BWW Review: AN EVENING WITH GROUCHO at Gretna Theatre
My recent experience at Mt Gretna's production of An Evening with Groucho proved to be a perfect reminder of how a single individual can make or break your night at the theater.
Frank Ferrante stars as Groucho Marx in a wonderful one-man show about the comedian's life and times. At the beginning of the show we see Ferrante come out as himself, and apply the greasepaint, tousle his hair, and bite his cigar as part of the transformation. It was a remarkable metamorphosis with his voice, his mannerisms, and his facial expressions without flaw.
Groucho shares some stories from his life including how the Marx Brothers got their nicknames, how their stage shows differed from their movies, and why Margaret Dumont was such a joy to work with. Along the way, he peppers the monologues with famous lines from the movies such as the classic one about shooting an elephant in his pajamas.
He also sings many of his famous (and not so famous) songs like "Hurray for Captain Spalding" and "Lydia the Tattooed Lady". For the most part these songs were fresh, fun and welcomed. However, a few of the lesser known ones seemed to drag during the second act.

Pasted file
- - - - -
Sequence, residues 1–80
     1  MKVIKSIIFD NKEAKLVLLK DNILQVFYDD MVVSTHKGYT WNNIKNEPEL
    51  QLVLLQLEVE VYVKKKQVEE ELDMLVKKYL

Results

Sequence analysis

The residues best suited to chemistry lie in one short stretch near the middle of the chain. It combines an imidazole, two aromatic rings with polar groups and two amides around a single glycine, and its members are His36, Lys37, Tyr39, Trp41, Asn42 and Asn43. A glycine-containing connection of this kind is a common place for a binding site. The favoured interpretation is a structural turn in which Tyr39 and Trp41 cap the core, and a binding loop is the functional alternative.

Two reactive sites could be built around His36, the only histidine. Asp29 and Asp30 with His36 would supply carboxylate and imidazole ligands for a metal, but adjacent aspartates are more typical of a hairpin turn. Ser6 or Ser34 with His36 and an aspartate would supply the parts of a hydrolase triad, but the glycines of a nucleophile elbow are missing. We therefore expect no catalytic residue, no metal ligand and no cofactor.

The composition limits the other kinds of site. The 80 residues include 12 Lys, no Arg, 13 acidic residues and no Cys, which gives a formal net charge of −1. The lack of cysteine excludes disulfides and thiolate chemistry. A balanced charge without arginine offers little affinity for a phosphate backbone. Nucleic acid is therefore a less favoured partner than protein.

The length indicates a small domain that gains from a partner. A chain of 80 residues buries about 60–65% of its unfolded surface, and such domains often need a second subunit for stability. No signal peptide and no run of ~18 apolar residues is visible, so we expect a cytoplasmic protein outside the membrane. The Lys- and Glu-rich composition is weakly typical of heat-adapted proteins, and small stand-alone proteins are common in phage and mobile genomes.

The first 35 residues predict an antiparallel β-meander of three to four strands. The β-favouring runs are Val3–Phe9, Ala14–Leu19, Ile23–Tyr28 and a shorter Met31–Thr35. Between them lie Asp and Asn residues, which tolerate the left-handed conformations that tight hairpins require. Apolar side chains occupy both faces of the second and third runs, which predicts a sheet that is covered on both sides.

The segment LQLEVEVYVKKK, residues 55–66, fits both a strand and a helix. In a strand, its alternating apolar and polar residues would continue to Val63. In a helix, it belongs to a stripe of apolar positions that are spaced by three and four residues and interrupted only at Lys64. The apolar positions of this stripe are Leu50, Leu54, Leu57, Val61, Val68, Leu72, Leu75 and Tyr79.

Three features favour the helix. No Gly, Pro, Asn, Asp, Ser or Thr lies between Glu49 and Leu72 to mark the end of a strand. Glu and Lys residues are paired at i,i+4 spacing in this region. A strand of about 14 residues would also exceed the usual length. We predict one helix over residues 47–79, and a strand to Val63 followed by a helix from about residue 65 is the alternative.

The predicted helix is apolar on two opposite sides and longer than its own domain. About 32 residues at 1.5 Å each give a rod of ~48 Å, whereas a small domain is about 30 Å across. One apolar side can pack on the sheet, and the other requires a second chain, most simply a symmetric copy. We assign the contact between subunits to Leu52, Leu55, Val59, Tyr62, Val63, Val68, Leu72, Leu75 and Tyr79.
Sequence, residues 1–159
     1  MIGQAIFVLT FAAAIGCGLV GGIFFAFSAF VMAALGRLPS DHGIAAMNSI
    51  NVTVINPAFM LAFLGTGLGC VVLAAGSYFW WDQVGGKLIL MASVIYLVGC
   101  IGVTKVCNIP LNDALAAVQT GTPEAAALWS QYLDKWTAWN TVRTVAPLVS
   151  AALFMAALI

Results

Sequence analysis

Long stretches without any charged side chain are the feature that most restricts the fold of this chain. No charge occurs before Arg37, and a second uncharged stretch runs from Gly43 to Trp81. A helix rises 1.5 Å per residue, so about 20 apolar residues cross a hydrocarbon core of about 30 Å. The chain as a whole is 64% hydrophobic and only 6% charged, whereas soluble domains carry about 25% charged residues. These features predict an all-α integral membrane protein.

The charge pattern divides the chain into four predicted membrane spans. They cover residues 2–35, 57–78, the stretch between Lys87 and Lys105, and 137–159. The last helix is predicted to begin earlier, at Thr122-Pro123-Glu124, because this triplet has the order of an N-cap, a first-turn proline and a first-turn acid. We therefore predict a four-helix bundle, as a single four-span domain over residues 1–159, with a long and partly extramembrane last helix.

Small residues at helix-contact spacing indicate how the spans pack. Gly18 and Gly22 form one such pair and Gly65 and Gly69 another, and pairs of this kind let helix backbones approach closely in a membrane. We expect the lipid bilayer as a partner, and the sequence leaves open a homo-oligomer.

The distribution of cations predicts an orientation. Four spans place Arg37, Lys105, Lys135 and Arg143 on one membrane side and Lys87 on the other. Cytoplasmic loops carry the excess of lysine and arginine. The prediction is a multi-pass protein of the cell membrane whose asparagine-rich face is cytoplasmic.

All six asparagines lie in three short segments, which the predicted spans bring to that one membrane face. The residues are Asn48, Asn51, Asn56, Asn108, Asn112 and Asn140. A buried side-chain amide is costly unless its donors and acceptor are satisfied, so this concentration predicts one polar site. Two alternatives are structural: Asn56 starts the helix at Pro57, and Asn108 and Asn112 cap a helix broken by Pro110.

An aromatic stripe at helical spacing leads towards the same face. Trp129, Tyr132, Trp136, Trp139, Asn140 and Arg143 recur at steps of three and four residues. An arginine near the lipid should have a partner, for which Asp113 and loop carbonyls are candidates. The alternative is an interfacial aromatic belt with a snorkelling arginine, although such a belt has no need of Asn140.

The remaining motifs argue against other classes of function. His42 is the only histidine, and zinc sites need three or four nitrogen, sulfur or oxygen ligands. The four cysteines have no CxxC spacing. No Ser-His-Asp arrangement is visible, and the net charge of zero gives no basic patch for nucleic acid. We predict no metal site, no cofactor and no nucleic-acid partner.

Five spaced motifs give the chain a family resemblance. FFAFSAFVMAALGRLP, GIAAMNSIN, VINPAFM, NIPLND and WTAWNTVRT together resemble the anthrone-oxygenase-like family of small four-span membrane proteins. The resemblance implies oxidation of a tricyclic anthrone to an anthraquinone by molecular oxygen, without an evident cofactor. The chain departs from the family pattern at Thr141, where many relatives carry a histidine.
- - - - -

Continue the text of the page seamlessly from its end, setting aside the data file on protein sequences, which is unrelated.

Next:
In addition to being an excellent Groucho impersonator, Ferrante also has a razor sharp wit when it comes to improvisation. He spent a substantial amount of time interacting with the audience in character. Two of my favorites bits involved him stopping the show to buy a coffee for a sleepy audience member, and an off the cuff comparison between Mae Wes's chest and two bald men.
An Evening with Groucho was great, but I would be remiss if I did not also talk about another individual who put a damper on my theater experience.
I arrived on the grounds of the outdoor parking lot at 6:55pm for the 7:30 show. I waited patiently for the parking lot attendant to catch my eye and point me towards the direction that I needed to go. After several minutes of avoiding eye contact, she walked up to the window and said in a condescending tone "The lot is full. Next time you'll learn to get here earlier".
I was both put off by her rudeness, but also confused as to how arriving 35 minutes prior to curtain was considered running late. The attendant did not give me any alternatives for parking, so I was on my own. I drove around, and finally parked on the side of a busy road like many others. I was not so much worried for my own safety, but more so for some of the elderly audience members who were forced to park in this potentially dangerous area late at night.
For next year, I recommend that Mount Gretna either limit ticket sales to parking capacity or have a clearly marked alternative location for parking overflow. In either case, please ensure that your staff are both knowledgably and courteous. A single person has a greater impact than you might think.
The show runs through August 26. Tickets and more information can be found on the theater website. I have no clue how early you need to arrive to park in their lot.